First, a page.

Flamingo Road (Michael Curtiz / U.S., 1949):

As in Mildred Pierce, Germanic technique flourishes in Americana: Michael Curtiz’s camera prowls through a Southern carnival and reveals a Caligari sideshow even before Joan Crawford materializes as a cooch dancer, the veil not quite hiding her concretelike makeup. The Dixie burg is split between plebeian River Street and the ritzy aristo stretch of the title, the Sheriff (Sydney Greenstreet) swells like the overripe fruit of corruption he is. Chicanery and frame-ups are the rule, candidates are chosen between poker hands on the second floor of the bordello, "that’s politics." Crawford’s trajectory is a political odyssey of its own -- the heroine falls for the spineless deputy-cum-gubernatorial-puppet (Zachary Scott), gets railroaded by Greenstreet, lands on the local "roadhouse" ("I lost that some time around the Spanish-American War," madam Gladys George says of her reputation), and returns swathed in furs after hooking up with the construction honcho (David Brian). The atmosphere of widespread and accepted venality (Fred Clark’s tabloid editor is the lonely voice of lucidity) is pitch-noir, the dialogue is rich: Professional jellyfish Scott feels "like the tail on a runaway kite," the Sheriff savors the police-car siren ("Pinch its ear, bub, I like to hear it squeal"). An early draft of Sirk’s South, given a luxuriously gaseous air by Curtiz’s ornate framing. (No front porch is complete without a low-angled ceiling fan, the detention ward at a women’s prison gets Brecht Theater design.) Tennessee Williams’ Big Daddy, Gore Vidal’s The Best Man... Crawford’s classic punchline about the dead elephant is set up earlier by Greenstreet’s drawling remembrance of rats in a warehouse. The "nasty streak of honesty" ultimately prevails, for the love of a woman and the relief of a circle of blackmailed politicos. With Virginia Huston, Gertrude Michael, and Alice White. In black and white.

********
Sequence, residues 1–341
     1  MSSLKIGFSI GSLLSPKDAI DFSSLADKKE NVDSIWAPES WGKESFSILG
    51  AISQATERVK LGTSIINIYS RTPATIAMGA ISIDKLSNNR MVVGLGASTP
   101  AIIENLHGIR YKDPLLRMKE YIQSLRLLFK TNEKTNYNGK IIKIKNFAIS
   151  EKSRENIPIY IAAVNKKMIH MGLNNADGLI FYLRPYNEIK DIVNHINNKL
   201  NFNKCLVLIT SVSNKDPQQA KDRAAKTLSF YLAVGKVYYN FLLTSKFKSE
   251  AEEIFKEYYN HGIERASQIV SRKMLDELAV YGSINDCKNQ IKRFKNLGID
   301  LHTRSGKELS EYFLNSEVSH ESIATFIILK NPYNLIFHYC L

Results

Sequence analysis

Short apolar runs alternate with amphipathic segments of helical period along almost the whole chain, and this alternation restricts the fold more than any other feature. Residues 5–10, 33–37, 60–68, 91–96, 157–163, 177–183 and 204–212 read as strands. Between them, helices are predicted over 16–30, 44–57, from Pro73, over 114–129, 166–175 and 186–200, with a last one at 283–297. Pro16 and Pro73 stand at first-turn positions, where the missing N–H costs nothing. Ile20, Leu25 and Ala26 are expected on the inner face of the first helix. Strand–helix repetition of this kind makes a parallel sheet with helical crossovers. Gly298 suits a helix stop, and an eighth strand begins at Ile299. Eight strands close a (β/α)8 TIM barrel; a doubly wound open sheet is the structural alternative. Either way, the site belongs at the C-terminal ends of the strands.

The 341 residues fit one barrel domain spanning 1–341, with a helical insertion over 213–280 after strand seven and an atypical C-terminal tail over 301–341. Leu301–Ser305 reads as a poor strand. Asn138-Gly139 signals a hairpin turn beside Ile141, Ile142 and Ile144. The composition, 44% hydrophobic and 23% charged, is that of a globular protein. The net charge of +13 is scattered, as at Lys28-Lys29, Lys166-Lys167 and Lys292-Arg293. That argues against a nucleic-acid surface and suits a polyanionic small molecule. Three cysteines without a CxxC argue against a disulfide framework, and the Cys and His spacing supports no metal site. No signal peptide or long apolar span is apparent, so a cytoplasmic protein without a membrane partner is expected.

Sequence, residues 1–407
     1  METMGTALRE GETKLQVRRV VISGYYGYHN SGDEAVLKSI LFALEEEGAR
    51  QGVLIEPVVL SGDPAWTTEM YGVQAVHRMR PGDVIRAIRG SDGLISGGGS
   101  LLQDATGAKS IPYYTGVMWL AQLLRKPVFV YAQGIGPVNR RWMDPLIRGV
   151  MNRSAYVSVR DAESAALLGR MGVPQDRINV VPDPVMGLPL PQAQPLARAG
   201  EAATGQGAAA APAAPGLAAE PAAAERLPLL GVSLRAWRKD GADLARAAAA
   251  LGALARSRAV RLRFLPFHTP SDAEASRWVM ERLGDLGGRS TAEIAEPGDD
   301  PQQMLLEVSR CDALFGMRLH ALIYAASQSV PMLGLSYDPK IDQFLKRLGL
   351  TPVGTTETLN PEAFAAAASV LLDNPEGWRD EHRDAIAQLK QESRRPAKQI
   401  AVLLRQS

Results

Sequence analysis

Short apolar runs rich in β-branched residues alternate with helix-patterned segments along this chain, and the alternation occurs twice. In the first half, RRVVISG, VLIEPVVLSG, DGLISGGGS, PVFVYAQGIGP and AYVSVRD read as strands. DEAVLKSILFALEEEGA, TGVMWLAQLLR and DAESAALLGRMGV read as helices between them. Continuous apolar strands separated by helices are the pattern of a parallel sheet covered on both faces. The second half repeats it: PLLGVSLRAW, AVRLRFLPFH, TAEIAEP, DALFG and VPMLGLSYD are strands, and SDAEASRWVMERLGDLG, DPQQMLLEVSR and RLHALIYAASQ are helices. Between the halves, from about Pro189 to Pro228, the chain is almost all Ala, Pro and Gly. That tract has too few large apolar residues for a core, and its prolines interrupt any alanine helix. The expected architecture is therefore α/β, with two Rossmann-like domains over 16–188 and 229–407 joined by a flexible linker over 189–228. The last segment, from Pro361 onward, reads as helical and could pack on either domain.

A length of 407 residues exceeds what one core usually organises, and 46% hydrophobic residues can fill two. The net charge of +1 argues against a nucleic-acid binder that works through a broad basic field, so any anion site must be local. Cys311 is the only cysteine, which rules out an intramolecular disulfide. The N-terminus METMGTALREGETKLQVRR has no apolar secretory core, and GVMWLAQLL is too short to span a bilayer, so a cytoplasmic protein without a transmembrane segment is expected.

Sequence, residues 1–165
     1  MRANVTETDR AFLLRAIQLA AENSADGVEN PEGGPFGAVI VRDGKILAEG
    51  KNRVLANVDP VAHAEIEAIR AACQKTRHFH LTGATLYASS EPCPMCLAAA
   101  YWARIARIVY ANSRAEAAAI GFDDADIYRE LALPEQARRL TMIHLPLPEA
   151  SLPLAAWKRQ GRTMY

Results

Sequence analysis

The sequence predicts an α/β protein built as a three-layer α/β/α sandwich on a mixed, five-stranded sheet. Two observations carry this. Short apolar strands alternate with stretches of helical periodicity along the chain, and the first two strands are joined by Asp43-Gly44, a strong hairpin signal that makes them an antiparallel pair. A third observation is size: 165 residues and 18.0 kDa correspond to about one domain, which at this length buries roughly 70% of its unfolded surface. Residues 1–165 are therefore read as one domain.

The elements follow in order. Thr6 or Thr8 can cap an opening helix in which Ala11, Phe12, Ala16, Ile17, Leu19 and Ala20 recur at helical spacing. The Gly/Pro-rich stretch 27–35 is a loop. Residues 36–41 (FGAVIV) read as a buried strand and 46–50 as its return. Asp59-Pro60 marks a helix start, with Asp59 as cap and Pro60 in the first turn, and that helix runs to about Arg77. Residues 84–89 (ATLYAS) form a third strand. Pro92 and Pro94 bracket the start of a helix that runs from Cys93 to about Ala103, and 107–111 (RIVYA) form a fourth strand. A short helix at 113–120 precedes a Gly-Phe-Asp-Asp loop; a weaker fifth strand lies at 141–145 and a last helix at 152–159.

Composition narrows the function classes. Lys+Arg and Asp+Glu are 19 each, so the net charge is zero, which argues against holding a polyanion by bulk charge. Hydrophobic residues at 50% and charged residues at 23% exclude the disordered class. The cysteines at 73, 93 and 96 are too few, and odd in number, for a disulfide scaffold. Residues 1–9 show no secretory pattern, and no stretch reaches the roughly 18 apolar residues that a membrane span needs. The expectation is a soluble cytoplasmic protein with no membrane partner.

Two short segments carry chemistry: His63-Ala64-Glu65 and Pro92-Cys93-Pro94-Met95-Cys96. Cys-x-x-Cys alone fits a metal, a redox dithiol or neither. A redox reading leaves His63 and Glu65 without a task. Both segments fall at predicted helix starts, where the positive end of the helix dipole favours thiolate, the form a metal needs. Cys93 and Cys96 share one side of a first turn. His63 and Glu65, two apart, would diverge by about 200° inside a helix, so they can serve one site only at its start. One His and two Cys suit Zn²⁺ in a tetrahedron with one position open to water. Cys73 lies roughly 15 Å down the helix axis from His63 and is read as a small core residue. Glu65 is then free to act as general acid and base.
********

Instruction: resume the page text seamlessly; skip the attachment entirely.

--- Fernando F. Croce

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